Mercedes Eng | Prison Industrial Complex Explodes
Mercedes Eng is a prairie-born poet of Chinese and settler descent living in Vancouver on the unceded territories of the xʷməθkʷəy̓əm (Musqueam), Sḵwx̱wú7mesh (Squamish), and səl̓ilwətaɁɬ (Tsleil-Waututh) Nations. Eng’s creative praxis combines teaching in classrooms and in community, experiential knowledge, community organizing, independent study, and a hybrid poetics that deploys multiple forms of language from theory to memoir to official state documents to photography and visual art.
She is the author of Mercenary English (CUE Books 2013; Talonbooks 2018), a poem about violence and resistance in the Downtown Eastside neighbourhood of Vancouver, and Prison Industrial Complex Explodes (Talonbooks 2017), winner of the Dorothy Livesay Poetry Prize. my yt mama, documenting a childhood under white supremacy in Canadian prairies, drops in spring 2020. Her writing has appeared in Hustling Verse: An Anthology of Sex Workers’ Poetry, Jacket 2, Asian American Literary Review, and The Abolitionist.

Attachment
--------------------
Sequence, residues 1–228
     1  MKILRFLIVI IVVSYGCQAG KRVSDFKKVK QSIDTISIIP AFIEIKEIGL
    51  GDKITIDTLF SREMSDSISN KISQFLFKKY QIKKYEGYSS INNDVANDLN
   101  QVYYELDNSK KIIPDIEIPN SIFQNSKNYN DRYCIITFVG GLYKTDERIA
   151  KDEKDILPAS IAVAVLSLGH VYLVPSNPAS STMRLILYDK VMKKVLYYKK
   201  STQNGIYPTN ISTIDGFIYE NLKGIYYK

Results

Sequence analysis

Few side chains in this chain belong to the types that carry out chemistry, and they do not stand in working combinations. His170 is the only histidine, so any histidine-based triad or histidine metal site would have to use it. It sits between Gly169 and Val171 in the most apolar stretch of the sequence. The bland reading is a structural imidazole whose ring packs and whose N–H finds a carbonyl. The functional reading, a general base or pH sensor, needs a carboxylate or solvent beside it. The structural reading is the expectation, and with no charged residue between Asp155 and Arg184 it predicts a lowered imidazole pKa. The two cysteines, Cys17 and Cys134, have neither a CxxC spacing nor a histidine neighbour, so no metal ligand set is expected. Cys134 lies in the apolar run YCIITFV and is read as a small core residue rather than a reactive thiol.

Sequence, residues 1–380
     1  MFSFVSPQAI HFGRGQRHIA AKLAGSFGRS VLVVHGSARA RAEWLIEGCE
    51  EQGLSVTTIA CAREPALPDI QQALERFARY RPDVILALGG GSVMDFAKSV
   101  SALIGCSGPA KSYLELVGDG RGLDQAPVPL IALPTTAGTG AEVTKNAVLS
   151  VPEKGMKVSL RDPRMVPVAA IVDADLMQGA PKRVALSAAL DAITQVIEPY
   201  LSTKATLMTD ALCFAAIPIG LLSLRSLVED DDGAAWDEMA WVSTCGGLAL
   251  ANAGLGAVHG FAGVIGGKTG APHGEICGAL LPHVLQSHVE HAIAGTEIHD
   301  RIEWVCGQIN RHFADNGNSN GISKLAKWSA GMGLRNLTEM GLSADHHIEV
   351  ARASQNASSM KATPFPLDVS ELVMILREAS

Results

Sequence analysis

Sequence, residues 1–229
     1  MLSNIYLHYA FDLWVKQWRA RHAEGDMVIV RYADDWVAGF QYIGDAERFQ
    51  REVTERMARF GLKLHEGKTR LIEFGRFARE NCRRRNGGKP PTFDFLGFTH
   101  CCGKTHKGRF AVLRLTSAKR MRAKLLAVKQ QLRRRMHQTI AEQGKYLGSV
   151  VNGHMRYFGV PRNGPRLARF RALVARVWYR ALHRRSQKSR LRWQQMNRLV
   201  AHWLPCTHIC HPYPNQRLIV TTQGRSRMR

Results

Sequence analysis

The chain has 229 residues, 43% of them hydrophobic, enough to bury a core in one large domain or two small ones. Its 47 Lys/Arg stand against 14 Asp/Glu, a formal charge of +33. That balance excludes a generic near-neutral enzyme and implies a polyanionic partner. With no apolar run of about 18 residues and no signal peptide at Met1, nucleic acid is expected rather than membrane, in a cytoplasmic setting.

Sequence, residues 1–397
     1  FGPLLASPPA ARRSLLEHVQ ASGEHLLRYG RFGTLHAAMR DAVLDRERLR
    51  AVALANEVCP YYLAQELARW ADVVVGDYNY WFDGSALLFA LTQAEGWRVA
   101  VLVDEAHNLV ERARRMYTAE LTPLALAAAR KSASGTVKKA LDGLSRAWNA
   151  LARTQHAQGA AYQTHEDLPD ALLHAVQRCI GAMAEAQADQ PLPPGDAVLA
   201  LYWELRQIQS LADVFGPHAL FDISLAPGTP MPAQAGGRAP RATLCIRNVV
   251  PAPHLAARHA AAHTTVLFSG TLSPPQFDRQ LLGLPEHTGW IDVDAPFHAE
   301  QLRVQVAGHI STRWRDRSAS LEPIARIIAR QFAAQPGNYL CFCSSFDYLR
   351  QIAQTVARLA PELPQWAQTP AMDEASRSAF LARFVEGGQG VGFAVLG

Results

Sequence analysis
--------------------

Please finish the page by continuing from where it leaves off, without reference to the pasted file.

Mercedes Eng would've been faculty at Banff Centre's Poetry, Politics, and Embodiment Literary Arts Thematic Residency. That program had to be cancelled due to the COVID-19 pandemic.
Combining text from government questionnaires and reports, lyric poetry, and photography, Prison Industrial Complex Explodes examines the possibility of a privatized prison system in Canada leading up to then Prime Minister Harper’s Conservative government passing the Anti-Terrorism Act, also known as Bill C-51.